In Oct. 23-29 IssueBy Derek AaronTimes Journal Reporter
During last week's Partners in Prevention Parent Night at the middle school, the topic of discussion centered around Internet safety, more specifically online sexual predators, cyber-bullying and cyber-stalking.
Kathrina Riley with the Regional Victim Services Program in Somerset gave a presentation to those in attendance, implementing text message shorthands at the beginning to get the audience involved in her discussion.
Riley presented an online conversation between a man from Springfield, Tenn. and a Perverted Justice decoy in Bowling Green, which he thought was a teenage female. In the conversation, Riley noted how the content became more explicit as the offender tried to coerce the decoy into meeting him.
According to Riley, the offender was convicted in Kentucky on Oct. 1 of this year.
She noted that most online victims were ages 13 and up with history of physical and sexual abuse and were often troubled with high levels of disputes with parents.
Riley talked about the characteristics of online perpetrators, saying that 60 percent of them are explicit about their sexual intentions with the victim and that 5 percent of meetings with the victim involved some type of violence. Three percent of these meetings end in an abduction, according to statistics presented by Riley.
She also talked about a problem that is being seen online, cyber-bullying. Riley said that online bullying consisted the use of e-mail, instant messaging, chat rooms, pagers, cell phones or other forms of information technology to deliberately harass, threaten or intimidate someone.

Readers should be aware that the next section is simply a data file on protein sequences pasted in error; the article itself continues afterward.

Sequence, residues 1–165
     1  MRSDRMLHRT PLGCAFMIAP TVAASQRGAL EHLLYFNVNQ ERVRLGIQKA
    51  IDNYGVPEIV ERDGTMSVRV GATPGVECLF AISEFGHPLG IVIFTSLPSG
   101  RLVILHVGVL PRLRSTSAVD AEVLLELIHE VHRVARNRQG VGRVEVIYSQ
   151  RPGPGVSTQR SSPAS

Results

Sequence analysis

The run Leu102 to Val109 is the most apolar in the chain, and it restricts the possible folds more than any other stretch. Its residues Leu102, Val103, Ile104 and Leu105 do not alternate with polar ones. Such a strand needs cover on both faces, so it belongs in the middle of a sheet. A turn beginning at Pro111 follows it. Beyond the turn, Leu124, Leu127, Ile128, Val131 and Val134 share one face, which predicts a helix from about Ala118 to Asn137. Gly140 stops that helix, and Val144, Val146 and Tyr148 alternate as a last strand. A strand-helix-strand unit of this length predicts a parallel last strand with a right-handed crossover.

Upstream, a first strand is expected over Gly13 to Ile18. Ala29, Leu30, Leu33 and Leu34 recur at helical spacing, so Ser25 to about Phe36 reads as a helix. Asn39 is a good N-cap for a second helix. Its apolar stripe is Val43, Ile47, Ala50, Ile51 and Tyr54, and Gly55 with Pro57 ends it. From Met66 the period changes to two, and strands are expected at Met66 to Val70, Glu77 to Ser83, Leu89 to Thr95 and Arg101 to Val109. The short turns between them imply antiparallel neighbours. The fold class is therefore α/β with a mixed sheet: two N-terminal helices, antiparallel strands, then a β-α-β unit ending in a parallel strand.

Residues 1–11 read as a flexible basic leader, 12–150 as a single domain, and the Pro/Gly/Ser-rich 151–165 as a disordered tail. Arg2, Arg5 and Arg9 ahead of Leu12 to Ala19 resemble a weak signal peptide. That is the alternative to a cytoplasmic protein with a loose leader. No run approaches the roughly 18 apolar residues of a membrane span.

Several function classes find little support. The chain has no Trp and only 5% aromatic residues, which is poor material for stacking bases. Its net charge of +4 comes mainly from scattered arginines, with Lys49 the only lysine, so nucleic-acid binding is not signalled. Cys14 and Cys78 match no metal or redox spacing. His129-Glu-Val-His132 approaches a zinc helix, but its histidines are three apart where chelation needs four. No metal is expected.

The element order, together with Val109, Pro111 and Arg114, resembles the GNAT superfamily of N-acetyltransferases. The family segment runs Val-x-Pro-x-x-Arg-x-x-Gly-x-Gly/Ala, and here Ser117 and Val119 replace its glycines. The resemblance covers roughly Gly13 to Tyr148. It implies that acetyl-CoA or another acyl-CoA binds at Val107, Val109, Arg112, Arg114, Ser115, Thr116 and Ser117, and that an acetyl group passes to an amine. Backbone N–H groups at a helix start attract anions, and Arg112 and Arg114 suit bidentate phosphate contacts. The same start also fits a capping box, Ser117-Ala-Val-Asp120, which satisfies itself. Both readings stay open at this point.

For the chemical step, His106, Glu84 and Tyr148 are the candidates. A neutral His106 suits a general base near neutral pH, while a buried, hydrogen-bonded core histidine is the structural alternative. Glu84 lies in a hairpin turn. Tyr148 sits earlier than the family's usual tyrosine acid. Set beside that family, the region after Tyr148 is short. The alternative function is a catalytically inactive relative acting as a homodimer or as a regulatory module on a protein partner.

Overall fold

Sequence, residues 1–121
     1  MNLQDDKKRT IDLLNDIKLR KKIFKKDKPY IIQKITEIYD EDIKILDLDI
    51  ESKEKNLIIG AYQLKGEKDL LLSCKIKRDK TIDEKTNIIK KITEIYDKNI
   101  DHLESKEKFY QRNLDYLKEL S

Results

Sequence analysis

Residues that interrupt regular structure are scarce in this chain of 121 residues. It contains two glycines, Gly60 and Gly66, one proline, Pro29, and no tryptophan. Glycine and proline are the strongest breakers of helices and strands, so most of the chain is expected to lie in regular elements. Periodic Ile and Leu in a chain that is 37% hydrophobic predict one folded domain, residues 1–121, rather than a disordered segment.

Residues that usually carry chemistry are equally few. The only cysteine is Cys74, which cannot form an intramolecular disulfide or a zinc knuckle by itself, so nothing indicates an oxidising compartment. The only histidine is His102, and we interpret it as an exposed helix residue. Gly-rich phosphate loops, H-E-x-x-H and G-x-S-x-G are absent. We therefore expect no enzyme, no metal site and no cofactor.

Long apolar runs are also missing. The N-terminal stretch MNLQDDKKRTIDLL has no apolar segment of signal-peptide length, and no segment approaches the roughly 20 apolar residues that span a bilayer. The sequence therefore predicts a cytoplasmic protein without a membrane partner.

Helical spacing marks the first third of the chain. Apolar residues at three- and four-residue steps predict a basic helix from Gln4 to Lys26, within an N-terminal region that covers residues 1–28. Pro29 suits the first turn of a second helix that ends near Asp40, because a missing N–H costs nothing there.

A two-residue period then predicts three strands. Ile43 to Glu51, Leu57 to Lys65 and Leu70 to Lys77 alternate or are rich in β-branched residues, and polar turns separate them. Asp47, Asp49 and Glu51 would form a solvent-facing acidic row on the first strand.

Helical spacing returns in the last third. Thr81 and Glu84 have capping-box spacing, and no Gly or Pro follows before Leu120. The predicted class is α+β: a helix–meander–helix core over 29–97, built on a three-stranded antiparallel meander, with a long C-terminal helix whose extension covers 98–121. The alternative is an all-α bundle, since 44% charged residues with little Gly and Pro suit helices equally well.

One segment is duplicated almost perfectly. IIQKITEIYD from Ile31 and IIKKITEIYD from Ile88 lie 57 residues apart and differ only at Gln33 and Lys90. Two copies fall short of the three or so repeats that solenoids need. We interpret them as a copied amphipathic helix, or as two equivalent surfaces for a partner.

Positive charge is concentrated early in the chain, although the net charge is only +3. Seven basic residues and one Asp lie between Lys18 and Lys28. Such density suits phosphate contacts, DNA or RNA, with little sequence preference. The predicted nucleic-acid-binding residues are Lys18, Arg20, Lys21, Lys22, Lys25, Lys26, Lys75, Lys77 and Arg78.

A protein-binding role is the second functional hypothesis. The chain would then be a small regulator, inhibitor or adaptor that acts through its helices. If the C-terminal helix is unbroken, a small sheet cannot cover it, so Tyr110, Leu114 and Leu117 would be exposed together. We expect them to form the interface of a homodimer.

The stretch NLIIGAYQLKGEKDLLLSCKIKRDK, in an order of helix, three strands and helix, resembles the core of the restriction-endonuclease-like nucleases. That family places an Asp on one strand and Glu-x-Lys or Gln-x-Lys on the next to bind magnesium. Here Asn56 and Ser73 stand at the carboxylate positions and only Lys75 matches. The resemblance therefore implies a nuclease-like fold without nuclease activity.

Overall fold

This type of bullying includes making threats and sending provocative insults or racial or ethnic slurs, among other despicable acts.
Another issue that Riley touched on was cyber-stalking. This new form of stalking uses the Internet to obtain information and send harassing messages and stalk the whereabouts of the victim, she said.
At the close of her presentation, Riley gave out some tips to for parents to help keep children safe. Some of these tips include establishing rules for the use of technology and learning about the parental monitoring and restriction software, among other tips.
At the conclusion of Riley's presentation, those in attendance had a meal and talked among one another for a while.
The Partners in Prevention regularly have parent nights each month concerning topics that concern the youth of today, according to Donita Lawless, grants projects director.
Russell County Partners in Prevention is an anti-drug coalition that was created out of the desire to see the abuse of substances in Russell County, especially among youth, reduced.
The coalition began in five years ago with the formation of a Kentucky Agency for Substance Abuse Local Board.
From there, the Partners in Prevention has grown and we now operate from two grants: a Kentucky ASAP state grant, and a Drug-Free Communities federal grant.
To contact Partners in Prevention concerning upcoming parent nights call 270-343-6247.